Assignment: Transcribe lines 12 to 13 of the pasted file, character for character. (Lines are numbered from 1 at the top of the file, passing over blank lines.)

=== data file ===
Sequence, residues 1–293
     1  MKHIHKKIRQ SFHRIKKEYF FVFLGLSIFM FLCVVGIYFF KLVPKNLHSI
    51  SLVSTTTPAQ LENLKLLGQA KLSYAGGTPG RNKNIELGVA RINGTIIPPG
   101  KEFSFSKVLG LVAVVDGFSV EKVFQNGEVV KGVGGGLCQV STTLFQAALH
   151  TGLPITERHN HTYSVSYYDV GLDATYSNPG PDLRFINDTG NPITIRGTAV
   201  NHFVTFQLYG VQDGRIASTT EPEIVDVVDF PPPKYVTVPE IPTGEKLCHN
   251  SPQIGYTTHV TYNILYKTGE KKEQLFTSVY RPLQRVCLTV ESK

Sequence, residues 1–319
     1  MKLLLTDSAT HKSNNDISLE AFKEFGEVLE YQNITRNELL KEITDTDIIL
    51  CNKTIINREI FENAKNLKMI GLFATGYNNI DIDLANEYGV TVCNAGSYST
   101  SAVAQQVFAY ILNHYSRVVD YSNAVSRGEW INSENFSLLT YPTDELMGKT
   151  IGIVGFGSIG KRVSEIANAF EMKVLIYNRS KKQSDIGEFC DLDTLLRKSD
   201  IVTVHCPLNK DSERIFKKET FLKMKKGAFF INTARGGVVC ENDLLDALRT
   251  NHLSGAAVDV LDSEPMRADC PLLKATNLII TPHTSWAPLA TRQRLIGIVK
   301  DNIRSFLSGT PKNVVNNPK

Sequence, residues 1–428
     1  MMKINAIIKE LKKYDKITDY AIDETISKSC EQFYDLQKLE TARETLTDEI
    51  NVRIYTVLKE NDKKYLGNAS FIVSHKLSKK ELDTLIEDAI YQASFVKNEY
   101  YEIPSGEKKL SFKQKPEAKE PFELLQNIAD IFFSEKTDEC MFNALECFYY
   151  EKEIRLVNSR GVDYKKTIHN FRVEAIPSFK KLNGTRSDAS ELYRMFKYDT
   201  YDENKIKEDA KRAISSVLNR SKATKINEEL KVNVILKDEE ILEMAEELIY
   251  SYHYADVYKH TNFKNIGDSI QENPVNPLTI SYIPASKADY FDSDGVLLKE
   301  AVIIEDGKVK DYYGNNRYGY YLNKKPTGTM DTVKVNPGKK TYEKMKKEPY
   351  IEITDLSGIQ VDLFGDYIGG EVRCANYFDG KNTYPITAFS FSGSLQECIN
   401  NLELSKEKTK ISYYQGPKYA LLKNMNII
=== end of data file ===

   151  IGIVGFGSIG KRVSEIANAF EMKVLIYNRS KKQSDIGEFC DLDTLLRKSD
   201  IVTVHCPLNK DSERIFKKET FLKMKKGAFF INTARGGVVC ENDLLDALRT